World Wildlife Fund Sustainability Works


Empowering Agricultural Entrepreneurs

  • Date: 28 May 2013
  • Author: Mike Fernandez

Empowering Agricultural Entrepreneurs to Sustainably Feed the World

By Mike Fernandez, Corporate Vice President, Corporate Affairs, Cargill, Incorporated.

At Cargill, sustainable food production is fundamental to what we do. Our core business is buying, processing and distributing grains, oilseeds and other agricultural commodities and selling them to customers that include food and beverage manufacturers, foodservice companies and retailers.

These customers increasingly want to know – and want to prove to their consumers – that the ingredients in their products have been produced in ways that respect people and human rights, and employ responsible agricultural practices that protect land and conserve scarce resources. In short, sustainable food production is increasingly a business requirement.

Our sustainable agriculture initiatives involve farmers at all levels, from smallholders to commercial scale producers. In Brazil, we have worked for nearly a decade in collaboration with The Nature Conservancy to help farmers grow soy more sustainably. With the use of satellite imagery to ensure compliance, our program has helped more than 400 farms covering 132,000 hectares comply with conservation laws and reduce illegal deforestation in the Santarem area – and now we’re expanding it to other areas in Para State.

With smallholders, the work we do every day gives us opportunities to participate directly in helping farmers improve their productivity and incomes by adopting sustainable practices and earning sustainability certifications. For example, as part of the Cargill Cocoa Promise, we are expanding the sustainability of cocoa production by engaging smallholder farmers in Cote d’Ivoire, Cameroon, Ghana, Vietnam, Indonesia and Brazil in training and education programs delivered via Farmer Field Schools. These programs train farmers in yield improvement and sustainability practices that help them become UTZ and Rainforest Alliance Certified.

Those certifications help expand the market for their cocoa and improve the price paid for it. Farmers we trained in Cote d’Ivoire are benefiting from income improvements as a result of a better quality crop and yields increasing by as much as 30 percent. In April of this year, 3,900 Ghanaian cocoa farmers received their first premium payments for production of sustainable cocoa beans following their participation in Cargill’s farmer training program.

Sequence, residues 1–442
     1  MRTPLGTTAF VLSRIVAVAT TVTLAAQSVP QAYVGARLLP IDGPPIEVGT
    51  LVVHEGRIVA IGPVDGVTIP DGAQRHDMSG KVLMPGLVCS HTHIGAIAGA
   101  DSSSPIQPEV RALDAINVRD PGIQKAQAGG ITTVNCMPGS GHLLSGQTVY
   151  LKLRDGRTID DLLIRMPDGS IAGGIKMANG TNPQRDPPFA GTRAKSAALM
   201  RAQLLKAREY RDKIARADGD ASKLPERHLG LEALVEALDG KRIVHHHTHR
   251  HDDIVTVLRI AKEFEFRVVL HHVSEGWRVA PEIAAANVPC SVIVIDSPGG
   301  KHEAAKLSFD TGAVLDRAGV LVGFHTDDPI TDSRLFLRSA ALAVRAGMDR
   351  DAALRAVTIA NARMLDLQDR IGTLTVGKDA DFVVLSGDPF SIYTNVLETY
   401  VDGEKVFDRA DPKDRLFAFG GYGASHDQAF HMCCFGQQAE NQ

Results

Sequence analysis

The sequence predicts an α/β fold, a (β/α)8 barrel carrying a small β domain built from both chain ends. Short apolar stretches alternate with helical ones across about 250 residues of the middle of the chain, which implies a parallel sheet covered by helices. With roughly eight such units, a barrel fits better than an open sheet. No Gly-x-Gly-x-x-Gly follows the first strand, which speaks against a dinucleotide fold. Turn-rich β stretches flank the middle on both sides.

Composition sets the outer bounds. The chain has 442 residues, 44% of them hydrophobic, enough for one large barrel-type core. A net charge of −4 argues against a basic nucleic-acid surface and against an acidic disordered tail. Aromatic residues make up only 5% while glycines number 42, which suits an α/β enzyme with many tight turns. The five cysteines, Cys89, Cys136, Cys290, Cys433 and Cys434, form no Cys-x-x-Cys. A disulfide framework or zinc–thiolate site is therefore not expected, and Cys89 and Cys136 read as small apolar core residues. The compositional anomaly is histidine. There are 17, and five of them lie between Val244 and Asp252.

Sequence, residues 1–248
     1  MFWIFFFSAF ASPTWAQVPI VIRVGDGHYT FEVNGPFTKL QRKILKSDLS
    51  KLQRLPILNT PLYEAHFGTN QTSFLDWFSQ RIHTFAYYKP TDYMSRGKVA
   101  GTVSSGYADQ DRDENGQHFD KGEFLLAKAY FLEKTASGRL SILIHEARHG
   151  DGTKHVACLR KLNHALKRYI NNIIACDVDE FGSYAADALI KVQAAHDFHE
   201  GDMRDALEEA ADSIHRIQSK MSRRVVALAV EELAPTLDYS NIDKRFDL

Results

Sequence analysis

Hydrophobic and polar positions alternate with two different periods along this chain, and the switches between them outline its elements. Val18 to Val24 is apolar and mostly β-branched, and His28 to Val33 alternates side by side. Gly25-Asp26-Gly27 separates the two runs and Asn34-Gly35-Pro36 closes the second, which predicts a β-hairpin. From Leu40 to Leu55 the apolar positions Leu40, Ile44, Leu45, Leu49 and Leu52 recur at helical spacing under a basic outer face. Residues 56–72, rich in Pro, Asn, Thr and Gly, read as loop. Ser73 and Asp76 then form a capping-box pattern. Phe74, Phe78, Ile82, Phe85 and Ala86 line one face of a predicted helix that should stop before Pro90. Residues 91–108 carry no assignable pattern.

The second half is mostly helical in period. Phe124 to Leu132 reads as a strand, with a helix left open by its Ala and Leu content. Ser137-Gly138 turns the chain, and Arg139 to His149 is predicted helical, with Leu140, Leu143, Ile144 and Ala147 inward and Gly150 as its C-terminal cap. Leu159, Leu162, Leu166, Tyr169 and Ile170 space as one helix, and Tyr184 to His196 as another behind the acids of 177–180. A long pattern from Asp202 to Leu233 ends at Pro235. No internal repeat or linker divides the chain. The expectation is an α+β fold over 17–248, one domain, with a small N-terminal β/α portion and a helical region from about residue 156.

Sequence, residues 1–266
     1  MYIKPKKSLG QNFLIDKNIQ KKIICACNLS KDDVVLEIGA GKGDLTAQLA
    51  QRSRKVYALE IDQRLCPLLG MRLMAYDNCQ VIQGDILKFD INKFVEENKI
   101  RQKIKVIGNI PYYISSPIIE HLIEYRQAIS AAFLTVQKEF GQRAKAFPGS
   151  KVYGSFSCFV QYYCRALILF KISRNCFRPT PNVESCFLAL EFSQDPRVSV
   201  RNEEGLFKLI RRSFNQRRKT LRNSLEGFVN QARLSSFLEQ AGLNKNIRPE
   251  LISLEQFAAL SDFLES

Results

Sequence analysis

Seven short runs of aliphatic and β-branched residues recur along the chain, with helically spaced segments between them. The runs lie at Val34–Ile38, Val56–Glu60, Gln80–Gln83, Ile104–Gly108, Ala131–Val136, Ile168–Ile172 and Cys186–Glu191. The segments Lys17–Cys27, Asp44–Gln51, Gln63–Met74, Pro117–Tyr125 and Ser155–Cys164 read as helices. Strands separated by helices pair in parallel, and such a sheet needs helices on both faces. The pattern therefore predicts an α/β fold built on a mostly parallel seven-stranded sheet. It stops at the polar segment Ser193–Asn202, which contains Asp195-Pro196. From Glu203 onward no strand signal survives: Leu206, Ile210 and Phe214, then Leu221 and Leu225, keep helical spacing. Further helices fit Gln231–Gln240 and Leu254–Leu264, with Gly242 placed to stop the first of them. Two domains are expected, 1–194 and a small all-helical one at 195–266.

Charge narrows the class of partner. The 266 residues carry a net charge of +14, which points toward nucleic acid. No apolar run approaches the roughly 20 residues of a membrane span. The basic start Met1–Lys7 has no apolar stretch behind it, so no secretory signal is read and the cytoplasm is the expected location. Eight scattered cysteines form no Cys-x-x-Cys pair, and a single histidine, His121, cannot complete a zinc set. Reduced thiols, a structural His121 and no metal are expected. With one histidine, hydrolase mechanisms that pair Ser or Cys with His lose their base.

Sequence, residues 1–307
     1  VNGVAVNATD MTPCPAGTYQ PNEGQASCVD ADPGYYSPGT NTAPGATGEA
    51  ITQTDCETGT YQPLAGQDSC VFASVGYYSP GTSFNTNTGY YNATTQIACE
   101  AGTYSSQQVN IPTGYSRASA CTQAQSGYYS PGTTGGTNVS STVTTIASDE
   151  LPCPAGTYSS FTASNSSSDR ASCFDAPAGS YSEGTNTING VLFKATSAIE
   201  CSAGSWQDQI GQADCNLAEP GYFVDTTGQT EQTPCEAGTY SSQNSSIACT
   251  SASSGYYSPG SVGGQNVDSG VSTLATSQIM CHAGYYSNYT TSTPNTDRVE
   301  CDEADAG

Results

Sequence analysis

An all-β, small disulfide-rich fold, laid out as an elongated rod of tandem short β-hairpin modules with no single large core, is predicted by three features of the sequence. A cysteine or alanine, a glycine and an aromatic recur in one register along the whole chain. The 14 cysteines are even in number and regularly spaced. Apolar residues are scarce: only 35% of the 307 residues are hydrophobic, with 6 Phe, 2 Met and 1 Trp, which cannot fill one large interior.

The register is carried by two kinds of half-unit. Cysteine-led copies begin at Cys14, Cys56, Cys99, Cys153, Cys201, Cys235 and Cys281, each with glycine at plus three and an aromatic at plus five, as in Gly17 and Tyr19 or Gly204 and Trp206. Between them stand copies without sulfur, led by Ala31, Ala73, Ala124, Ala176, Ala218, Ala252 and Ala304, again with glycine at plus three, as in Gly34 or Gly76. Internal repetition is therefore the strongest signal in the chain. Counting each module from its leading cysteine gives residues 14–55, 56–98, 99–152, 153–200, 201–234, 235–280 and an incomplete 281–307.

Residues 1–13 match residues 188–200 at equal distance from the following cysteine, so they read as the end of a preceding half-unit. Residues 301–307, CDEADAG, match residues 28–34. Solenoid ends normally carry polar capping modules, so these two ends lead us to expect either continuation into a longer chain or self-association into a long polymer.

We are experiencing similar success with sustainable palm oil production in Indonesia. We first achieved Roundtable for Sustainable Palm Oil (RSPO) certification for our own plantation in South Sumatra. Then, through farmer training programs, we enabled some 8,800 surrounding producers to achieve RSPO certification under RSPO’s Smallholders Principles and Criteria – the first RSPO certification to embrace smallholders. And the program has increased farmer yields and incomes and transitioned many from subsistence farming to ownership of viable agricultural businesses. Over the past six years, average income per farmer has increased three-fold.

In China, Cargill is collaborating with The Coca-Cola Company and the World Wildlife Fund to help smallholder corn farmers improve their livelihoods through training and information in techniques to improve yields, conserve water, improve crop storage, protect wetlands, and reduce the environmental impact of agriculture in Jilin Province. Only in its first year, the project has already reached 6,000 farmers.

Our experience shows that the private sector – including some 450 million smallholder farmers and entrepreneurs in the global food chain – can be an engine to alleviate hunger and poverty. But there are preconditions for lasting success. Among the most critical are policy frameworks that enable smallholder farmers to evolve into commercially viable businesses – policies that include property rights, markets and trade, infrastructure and investment and risk management. There is ample and compelling evidence that investing in agricultural intensification is among the most effective means to reduce global poverty and hunger and save the environment. Doing it all right requires the public and private sectors to work together to implement policies and make investments that motivate farmers at every level to increase production responsibly and that enable food to move more freely from areas of surplus to areas of deficit.


This blog is part of the Sustainable Food Production Series, brought to you by WWF and Business Fights Poverty. We pose the question - How is sustainable food production helping to pull people out of poverty? - and invite guest responses. Please share your thoughts via comments, or tweet us @BalanceWWF.

About the Author:

Mike Fernandez is Corporate Vice President, Corporate Affairs, for Cargill, Incorporated. He leads Cargill’s worldwide corporate affairs activities, including government relations, media, communications, brand management, marketing services, and corporate responsibility, as well as representing Cargill’s business and corporate policy interests. Before joining Cargill, Fernandez worked at State Farm Mutual Insurance as its Vice President of Public Affairs. He has led the public relations function at ConAgra Foods, CIGNA, and US WEST and worked in marketing and public relations roles at Eastman Kodak Company. His early career was in various political and governmental roles in Washington, D.C., including as press secretary to former U.S. Senator Ernest F. Hollings.